Students get ready to garden

Mar 1, 2023 | Mountain Gardening

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Julian Bracamontes (l) and Chase Montgomery discuss the next step in building a planter.

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As part of the project, Rebekah Murphy learned to use power tools.

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Sky Nelson, Rebekah Murphy, Bryan Valdez, Chase Montgomery and Julian Bracamontes demonstrate the collaborative skills they gained in this project.

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Tegan Law and Kaleb Martinez hard at work on one of the planters.

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Katherine Patron puts some finishing touches on a planter.

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Alexander Carmona with a small planter.

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Raul Garcia, Ireland DeVries, Brayden Bell and Katherine Patron in front of a planter they built.

(Photos: LaDonna Guzman)

Students get ready to garden

LaDonna Guzman, the new science teacher at Mountain High School, is having her students build raised planters (thanks to a donation by Dave Ficke) in preparation for their science garden.

Here are some reasons Guzman lists for why project-based learning – aka hands-on learning – works.

  1. Collaboration: Relationships formed during collaboration is a huge part of project-based learning. Not only do students learn how to work better in groups – providing their own input, listening to others and resolving conflicts when they arise – they build positive relationships with teachers, which reinforces how great learning is.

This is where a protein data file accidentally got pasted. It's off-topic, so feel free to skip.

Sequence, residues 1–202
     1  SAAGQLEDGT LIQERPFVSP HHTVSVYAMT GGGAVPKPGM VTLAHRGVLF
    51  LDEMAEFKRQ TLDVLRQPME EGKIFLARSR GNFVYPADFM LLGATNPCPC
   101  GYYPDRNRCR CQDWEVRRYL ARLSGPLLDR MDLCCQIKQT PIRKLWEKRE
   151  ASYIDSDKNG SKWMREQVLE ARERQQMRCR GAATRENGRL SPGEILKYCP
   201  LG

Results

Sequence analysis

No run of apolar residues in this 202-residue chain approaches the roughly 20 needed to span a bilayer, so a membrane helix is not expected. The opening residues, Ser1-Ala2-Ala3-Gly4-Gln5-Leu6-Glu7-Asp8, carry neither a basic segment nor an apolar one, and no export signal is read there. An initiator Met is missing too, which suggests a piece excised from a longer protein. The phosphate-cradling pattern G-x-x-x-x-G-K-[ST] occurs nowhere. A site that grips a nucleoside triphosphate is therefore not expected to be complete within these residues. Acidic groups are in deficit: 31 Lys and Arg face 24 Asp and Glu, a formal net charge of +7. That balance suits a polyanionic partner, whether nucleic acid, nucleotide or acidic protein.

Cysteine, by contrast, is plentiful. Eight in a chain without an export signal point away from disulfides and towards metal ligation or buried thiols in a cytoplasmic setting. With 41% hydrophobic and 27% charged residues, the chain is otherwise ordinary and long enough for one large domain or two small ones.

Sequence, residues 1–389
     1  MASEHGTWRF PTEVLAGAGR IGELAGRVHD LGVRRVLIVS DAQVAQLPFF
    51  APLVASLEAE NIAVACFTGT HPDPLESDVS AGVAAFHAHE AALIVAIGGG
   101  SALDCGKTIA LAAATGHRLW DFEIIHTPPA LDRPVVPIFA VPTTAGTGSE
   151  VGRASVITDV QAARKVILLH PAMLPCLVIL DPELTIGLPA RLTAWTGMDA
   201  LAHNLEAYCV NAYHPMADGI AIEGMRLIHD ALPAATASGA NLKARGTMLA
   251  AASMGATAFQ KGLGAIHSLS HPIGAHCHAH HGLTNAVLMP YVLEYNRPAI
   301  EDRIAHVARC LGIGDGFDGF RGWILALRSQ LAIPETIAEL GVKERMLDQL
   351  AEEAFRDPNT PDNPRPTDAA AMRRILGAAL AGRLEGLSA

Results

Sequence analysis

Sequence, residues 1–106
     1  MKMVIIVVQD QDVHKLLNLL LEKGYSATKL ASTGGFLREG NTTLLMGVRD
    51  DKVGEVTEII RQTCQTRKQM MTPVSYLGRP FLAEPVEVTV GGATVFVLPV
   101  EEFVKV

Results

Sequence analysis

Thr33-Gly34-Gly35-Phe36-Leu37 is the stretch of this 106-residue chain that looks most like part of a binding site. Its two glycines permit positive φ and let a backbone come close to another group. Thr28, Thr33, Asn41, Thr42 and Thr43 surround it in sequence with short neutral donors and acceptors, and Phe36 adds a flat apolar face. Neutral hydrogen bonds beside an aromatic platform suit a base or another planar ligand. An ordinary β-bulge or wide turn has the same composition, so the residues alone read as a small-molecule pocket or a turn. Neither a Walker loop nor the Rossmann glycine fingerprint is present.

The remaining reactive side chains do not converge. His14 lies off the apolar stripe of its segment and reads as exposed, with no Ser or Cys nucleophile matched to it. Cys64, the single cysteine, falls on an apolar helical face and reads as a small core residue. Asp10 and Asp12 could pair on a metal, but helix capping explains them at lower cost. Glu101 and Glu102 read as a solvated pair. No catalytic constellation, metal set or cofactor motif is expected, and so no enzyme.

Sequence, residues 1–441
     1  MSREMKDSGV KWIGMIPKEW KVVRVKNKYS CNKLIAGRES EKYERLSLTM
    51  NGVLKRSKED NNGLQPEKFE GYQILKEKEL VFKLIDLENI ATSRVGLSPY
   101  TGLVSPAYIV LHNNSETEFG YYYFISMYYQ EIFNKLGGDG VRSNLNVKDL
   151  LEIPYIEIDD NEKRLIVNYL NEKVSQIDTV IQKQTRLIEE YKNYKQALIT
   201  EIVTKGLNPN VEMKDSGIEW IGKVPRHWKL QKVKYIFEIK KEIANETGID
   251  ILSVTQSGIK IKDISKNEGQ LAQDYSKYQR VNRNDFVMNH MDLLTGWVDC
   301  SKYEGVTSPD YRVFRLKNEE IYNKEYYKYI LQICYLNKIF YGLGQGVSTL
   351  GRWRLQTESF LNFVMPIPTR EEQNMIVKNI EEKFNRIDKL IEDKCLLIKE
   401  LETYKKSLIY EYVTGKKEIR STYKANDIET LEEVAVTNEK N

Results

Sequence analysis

2. Problem Solving: Students learn how to solve problems that are important to them, including learning from mistakes and making corrections.
  3. Creativity: Students apply creative thinking skills to innovate new product designs and possibilities for projects.
  4. In-Depth Understanding: Students build on their research skills and deepen their learning.
  5. Self-Confidence: Students find their voice and learn to take pride in their work, boosting their agency and purpose.
  6. Critical Thinking: Students learn to look at problems with a critical thinking lens, asking questions and coming up with possible solutions for their project.
  7. Perseverance: When working on a project, students learn to manage obstacles more effectively, often learning from failure and making adjustments until they’re satisfied with their work.
  8. Project Management: Students learn how to manage projects and assignments more efficiently.
  9. Curiosity: Students get to explore their curiosities, ask questions and form a new love for learning.
  10. Empowerment: Students take ownership over their projects, reflecting on and celebrating their progress and accomplishments.

“As you can see from the looks on their faces,” Guzman said, “they are taking pride in their accomplishments, following directions and learning real life skills.”



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